Check Your Policies To Ensure They Are In Compliance with Current D.C. Employment Laws
This article appeared in Association TRENDS, June 2015, and is reprinted with permission of the publisher.
There have been several recent changes in D.C. significantly affecting wages, employer notice requirements, and records maintenance as well as changes providing more protection to pregnant employees.
Wage Theft Prevention Amendment Act:
The Wage Theft Prevention Amendment Act (“the Act”) became effective February 26, 2015. Under this new law, employers are required to provide written notice of wages to all employees, regardless of exemption status. The notice must be provided to all new hires upon hiring and to all current employees by May 27, 2015. For non-exempt employees, the notice must be re-issued whenever there is a change in wages. For exempt employees, the notice must be re-issued whenever there is a change in pay or in exemption status. The Notice must be provided in the employee's primary language. Notably, this Act has penalties for violations such as fines of $500 per employee.
The Act also requires employers to keep records reflecting the precise time worked by non-exempt employees – not just the hours worked. Employers are further required to maintain a record of all paid leave taken by employees for at least three years and requires non-exempt employees to be paid at least twice per month.
D.C. Protecting Pregnant Workers Fairness Act of 2014
The D.C. Protecting Pregnant Workers Fairness Act of 2014 (“the PPWFA”) became effective March 3, 2015. Under the PPWFA, employers are required to provide accommodations, when requested, to employees when they are needed due to pregnancy, childbirth, related medical conditions or breastfeeding. Examples of such accommodations include, but are not limited to, more frequent or longer breaks, time off to recover from child birth, temporary transfers to less strenuous positions, providing modified work schedules and providing private non-bathroom space for expressing breast milk. In addition, the Act prohibits discrimination and/or retaliation against such employees.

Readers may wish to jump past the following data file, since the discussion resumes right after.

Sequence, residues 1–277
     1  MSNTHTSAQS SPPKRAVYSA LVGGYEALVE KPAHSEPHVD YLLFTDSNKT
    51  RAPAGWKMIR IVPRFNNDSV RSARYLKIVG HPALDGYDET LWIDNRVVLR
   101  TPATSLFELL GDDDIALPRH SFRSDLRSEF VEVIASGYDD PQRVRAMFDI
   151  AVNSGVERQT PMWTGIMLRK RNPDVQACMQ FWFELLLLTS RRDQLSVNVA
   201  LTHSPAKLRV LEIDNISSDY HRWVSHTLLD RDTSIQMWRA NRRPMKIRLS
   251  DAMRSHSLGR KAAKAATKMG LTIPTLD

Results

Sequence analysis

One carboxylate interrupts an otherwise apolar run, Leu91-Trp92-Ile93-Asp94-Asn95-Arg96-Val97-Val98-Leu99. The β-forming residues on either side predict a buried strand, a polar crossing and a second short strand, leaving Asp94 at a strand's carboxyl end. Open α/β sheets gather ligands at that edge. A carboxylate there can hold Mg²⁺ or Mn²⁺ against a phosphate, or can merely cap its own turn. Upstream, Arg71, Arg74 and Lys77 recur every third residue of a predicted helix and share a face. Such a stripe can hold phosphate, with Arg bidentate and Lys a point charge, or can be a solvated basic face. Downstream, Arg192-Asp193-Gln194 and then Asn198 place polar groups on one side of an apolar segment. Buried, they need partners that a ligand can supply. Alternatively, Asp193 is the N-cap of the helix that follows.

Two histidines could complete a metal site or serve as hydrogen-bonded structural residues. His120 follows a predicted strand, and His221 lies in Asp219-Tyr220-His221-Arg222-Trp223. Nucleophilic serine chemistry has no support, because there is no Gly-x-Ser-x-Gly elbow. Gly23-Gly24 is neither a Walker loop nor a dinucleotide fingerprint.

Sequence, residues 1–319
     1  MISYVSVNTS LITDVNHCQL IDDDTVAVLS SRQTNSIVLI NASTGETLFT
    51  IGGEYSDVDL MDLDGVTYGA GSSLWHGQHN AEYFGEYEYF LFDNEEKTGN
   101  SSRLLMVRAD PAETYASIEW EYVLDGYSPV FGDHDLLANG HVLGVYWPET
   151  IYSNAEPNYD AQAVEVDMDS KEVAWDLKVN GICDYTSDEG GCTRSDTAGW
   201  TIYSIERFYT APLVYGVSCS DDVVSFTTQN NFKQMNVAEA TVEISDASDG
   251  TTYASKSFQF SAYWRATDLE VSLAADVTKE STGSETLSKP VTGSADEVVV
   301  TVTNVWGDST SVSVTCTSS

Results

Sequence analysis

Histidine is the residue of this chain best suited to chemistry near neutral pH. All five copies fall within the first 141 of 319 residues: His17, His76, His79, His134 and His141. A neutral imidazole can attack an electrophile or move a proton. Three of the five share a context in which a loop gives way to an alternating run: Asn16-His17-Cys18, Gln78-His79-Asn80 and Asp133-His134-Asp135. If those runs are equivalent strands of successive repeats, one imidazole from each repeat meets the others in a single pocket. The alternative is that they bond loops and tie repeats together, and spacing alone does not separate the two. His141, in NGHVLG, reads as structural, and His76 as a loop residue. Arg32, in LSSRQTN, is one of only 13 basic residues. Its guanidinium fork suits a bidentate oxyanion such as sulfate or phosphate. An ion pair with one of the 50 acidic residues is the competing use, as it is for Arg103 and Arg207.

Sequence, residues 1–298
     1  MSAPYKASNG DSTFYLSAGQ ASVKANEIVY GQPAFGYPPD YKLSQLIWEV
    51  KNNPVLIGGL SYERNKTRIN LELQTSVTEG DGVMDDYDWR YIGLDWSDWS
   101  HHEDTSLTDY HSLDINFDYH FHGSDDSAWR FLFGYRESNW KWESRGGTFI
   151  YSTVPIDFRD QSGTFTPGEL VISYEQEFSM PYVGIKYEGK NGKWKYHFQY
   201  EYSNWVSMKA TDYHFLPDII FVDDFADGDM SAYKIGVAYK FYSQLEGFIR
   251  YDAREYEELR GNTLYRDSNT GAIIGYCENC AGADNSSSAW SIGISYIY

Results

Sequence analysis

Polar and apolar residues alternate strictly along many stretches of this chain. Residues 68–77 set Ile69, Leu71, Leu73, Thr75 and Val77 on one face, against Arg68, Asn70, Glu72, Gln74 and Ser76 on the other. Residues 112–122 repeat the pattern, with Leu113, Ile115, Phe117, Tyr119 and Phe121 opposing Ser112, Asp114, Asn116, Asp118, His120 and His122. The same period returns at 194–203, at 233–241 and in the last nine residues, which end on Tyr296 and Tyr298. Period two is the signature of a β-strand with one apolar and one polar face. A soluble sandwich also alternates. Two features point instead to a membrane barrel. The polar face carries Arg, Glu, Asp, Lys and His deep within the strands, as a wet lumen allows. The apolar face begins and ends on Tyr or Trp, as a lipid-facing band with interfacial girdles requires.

In addition, the Act requires employers to issue a notice of employee rights to all new hires and current employees in their primary language. The notice must also be posted in English and Spanish. Finally, any employee who notifies the employer of her pregnancy, or other condition covered by the Act, must receive notice within 10 days of notification.
The PPWFA includes stiff penalties for non-compliance that can include lost wages, reinstatement and attorney's fees as well as fines for willful violations. In addition, an employer who fails to provide and post the required notice may be assessed daily civil penalties.
D.C. Minimum Wage Act:
The D.C. Minimum Wage Act was amended and provides for an increase to the minimum wage by $1.00 each July. As a result, on July 1, 2015, the new minimum wage in D.C. will be increased to $10.50. Employers who violate this provision may be found guilty of a misdemeanor and assessed fines. Willful violations may result in fines up to $10,000.00 or imprisonment.